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Gold Medal at Sudbury Sporting Memories


This was another of those presentations where everything just seemed to work – yes, even my navigational skills in getting us to Sudbury (well, Peter and my satnav might have had something to do with that, too).


Sudbury Sporting Memories (part of the larger, UK organisation Sporting Memories) a mere concept for the months before the presentation, suddenly became a reality and the work that the organisation - and Andy Read in Sudbury - do is truly outstanding. Their ethos of "reminisce, replay and connect" sums up the organisation's ethos.


Andy himself was the perfect host, receptive and attentive and, most importantly, he showed a real understanding of the essence of our talk.


It was great to hear Andy talking to Rob Dunger from Suffolk Sound Radio in the morning about Sporting Memories and, specifically, about our visit that afternoon. It was equally great that Rob turned up to the event and I think that we now have another media outlet through which to share Peter’s story.


Andy had secured some funding to provide us all with afternoon tea which enhanced the after-presentation socialising. He had also purchased ten copies of “Slow Puncture” which were raffled with Peter making the draw for the raffle.


A lovely touch and a way of handing over the baton to the younger generation was the inclusion of some students from Thomas Gainsborough School in the audience. These young people all hope to pursue a career in the health and social care field and, in many ways and for many of us, will be our future.


By way of a change, I have pasted in some of the comments received which I hope give the sense of our talk:


“What a truly enlightening talk by Peter and Deb. Completely re-educated me on this horrible illness. Just small positive ways of helping people suffering from Alzheimer’s. A fantastic person with such positive outlook to even consider cycling 100 miles in a day on a penny farthing beggars belief. Well done, Peter. The help given by Deb is absolutely phenomenal.”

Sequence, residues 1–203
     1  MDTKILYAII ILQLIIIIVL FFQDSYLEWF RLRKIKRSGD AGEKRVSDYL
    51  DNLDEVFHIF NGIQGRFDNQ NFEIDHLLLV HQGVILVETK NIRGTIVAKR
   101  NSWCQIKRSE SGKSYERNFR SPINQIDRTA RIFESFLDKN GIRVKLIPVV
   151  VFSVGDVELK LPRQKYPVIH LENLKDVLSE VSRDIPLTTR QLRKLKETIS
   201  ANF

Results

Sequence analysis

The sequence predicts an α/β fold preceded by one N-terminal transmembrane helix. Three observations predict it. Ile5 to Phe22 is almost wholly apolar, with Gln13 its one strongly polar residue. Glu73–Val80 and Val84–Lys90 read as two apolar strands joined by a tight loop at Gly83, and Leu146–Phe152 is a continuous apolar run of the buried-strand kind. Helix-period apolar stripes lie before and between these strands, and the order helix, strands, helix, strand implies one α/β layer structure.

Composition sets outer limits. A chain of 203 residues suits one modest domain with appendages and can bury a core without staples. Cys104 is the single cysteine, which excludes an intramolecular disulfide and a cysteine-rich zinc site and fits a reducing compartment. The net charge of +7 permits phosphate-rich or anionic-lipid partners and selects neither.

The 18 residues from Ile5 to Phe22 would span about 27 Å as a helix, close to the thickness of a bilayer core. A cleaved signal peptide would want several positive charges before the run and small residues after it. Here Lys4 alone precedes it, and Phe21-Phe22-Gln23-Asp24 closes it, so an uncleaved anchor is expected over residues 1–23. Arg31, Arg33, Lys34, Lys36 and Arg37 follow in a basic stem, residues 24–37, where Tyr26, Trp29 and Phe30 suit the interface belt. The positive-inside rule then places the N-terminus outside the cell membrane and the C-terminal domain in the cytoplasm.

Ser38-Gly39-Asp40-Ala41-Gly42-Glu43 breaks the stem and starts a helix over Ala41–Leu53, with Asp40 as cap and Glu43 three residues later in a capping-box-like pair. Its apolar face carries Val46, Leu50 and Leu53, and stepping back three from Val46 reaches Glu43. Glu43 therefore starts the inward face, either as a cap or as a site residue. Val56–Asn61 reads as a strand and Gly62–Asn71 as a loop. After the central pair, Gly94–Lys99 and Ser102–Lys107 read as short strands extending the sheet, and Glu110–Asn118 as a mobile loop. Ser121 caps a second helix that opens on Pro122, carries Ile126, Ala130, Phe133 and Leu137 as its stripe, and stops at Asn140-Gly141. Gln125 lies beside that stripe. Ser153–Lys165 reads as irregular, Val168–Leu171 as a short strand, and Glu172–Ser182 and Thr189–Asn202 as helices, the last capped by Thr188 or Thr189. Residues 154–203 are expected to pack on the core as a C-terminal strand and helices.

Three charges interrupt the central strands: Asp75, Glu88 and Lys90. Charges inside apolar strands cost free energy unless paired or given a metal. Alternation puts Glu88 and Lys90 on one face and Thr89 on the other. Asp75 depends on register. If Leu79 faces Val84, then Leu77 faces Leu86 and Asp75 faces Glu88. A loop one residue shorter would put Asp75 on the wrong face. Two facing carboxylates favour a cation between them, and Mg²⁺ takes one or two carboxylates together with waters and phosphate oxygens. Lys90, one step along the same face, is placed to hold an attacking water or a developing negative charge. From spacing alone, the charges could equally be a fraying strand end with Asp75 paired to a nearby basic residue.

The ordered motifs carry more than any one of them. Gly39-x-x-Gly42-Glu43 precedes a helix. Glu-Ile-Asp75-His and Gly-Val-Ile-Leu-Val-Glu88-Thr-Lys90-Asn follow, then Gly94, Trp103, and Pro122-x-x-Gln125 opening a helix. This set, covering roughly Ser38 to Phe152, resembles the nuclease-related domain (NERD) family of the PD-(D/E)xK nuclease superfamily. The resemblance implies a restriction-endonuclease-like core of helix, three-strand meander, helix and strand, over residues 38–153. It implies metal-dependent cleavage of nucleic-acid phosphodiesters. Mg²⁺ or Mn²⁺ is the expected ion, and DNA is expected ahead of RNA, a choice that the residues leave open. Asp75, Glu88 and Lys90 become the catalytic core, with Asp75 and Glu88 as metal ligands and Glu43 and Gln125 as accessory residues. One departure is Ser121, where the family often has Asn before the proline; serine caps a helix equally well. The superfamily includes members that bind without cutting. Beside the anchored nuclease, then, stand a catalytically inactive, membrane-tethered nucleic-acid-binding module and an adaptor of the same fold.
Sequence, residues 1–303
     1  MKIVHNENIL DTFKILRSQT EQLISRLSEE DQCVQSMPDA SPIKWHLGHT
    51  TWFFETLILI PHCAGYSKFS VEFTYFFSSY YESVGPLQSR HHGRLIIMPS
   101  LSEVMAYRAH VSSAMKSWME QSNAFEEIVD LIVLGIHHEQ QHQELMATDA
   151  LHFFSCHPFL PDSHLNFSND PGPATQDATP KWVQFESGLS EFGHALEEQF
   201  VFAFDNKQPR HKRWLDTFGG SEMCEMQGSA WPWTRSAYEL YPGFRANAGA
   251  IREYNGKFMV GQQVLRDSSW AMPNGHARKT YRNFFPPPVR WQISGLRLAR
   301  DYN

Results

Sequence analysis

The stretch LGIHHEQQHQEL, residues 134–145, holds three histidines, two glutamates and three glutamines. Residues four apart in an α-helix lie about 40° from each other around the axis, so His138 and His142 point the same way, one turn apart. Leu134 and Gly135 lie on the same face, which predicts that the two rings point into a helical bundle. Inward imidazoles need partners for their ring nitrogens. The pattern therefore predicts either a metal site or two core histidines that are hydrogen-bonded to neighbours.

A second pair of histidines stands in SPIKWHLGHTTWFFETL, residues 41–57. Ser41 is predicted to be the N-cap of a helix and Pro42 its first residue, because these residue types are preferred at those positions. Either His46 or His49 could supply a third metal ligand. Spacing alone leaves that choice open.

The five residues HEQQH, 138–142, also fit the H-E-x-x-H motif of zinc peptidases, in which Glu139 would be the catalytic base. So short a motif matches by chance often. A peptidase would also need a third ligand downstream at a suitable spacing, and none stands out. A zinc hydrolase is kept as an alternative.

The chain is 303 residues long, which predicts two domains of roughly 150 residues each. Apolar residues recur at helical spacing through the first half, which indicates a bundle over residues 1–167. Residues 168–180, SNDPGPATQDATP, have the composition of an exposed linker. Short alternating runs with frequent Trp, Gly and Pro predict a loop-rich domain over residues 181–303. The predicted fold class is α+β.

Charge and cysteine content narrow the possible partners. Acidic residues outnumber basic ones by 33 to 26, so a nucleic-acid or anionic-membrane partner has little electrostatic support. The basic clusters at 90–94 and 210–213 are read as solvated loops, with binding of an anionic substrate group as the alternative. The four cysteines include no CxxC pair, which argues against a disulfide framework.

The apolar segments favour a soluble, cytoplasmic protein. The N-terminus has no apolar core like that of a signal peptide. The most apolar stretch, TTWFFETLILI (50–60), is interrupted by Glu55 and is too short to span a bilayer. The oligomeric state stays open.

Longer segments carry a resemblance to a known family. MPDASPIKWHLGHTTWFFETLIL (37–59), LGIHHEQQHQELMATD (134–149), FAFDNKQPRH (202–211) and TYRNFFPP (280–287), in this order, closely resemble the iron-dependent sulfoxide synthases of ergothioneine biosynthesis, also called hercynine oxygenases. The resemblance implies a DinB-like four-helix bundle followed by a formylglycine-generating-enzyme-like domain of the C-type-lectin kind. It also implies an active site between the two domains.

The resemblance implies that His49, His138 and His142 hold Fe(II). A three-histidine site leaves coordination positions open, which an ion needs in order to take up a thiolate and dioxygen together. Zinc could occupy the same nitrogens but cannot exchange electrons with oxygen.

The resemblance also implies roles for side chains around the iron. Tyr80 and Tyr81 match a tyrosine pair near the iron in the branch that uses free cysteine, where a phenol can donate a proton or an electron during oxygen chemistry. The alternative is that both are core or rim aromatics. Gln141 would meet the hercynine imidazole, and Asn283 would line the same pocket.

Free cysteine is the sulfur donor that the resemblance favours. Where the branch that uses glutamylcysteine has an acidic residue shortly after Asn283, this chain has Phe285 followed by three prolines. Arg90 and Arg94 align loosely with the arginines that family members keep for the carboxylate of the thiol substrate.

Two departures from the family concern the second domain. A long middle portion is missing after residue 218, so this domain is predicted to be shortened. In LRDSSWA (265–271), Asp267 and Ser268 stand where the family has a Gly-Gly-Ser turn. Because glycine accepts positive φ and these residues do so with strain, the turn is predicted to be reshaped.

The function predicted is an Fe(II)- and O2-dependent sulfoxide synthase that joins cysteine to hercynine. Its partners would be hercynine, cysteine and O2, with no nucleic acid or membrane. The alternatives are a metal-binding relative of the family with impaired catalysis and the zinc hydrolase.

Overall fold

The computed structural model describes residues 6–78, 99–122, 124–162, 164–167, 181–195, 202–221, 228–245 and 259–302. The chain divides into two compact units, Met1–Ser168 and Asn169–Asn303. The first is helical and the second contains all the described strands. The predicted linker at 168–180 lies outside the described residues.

“Oh, my goodness in 45 minutes he changed a lot of people’s outlook on living with dementia. Truly inspirational. Deb Bunt your cycling buddy Peter is amazing but without your support much of what he does wouldn’t be possible. Thanks both of you.”


“Firstly, massive thanks for today - I lost count of the people who said to me how differently they will now look upon dementia.”


“The personality Peter brings into this is very special…..the monster prowling has given him an exceptional gift to communicate and help others. From a personal perspective Peter’s Suffolk accent made many of us able to relate to this with more reality.”


“Can I also thank you for the truly inspiring role you bring to Peter’s story, a real friend who is not only helping Peter but enabling the story to be widely shared.”


“Great insight into this dark illness learnt more in 45 mins than in the many years we struggled with my mother in law knowing what I have learnt from this inspirational pair would have made a tremendous difference. Thank you so much.”


“Thanks are not enough as 50 people today have been positively influenced & will turn influence another (let’s say 3) who in turn will influence another 1 = 300 people who are now going to be more aware of the dementia monster. “


Thanks to the town’s Mayor, Jan Osborne for attending and an especial mention to Gail Cardy who is too modest to admit her huge part in writing a dynamic and proactive dementia strategy for Suffolk and for her support to Peter, Teresa and me in all we do. It was also lovely to see Matt from Christie’s Care in the audience.


And on a personal gleeful note: I met the Arsenal physiotherapist from the 70’s onwards which is why I am beaming very uncharacteristically in the photo, particularly as he asked me to marry him. If he can fix my broken shoulder, the answer is an unequivocal yes…






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